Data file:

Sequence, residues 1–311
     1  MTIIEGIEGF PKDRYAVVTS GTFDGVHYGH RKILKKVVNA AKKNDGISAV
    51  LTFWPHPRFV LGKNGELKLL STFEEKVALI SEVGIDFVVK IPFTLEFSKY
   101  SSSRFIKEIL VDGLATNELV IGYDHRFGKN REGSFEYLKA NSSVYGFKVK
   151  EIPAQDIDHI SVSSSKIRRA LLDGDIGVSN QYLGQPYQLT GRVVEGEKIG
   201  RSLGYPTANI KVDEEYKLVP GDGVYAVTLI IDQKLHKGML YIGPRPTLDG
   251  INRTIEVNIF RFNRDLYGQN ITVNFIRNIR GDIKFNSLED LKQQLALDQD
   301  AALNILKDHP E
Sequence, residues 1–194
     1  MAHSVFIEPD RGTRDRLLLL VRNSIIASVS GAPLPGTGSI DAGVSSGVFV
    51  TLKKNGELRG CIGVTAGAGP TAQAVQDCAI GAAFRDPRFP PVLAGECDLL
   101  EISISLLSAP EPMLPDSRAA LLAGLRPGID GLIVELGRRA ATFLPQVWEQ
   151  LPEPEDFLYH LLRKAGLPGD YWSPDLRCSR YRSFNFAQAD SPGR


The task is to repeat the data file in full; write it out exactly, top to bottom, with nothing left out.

Sequence, residues 1–311
     1  MTIIEGIEGF PKDRYAVVTS GTFDGVHYGH RKILKKVVNA AKKNDGISAV
    51  LTFWPHPRFV LGKNGELKLL STFEEKVALI SEVGIDFVVK IPFTLEFSKY
   101  SSSRFIKEIL VDGLATNELV IGYDHRFGKN REGSFEYLKA NSSVYGFKVK
   151  EIPAQDIDHI SVSSSKIRRA LLDGDIGVSN QYLGQPYQLT GRVVEGEKIG
   201  RSLGYPTANI KVDEEYKLVP GDGVYAVTLI IDQKLHKGML YIGPRPTLDG
   251  INRTIEVNIF RFNRDLYGQN ITVNFIRNIR GDIKFNSLED LKQQLALDQD
   301  AALNILKDHP E
Sequence, residues 1–194
     1  MAHSVFIEPD RGTRDRLLLL VRNSIIASVS GAPLPGTGSI DAGVSSGVFV
    51  TLKKNGELRG CIGVTAGAGP TAQAVQDCAI GAAFRDPRFP PVLAGECDLL
   101  EISISLLSAP EPMLPDSRAA LLAGLRPGID GLIVELGRRA ATFLPQVWEQ
   151  LPEPEDFLYH LLRKAGLPGD YWSPDLRCSR YRSFNFAQAD SPGR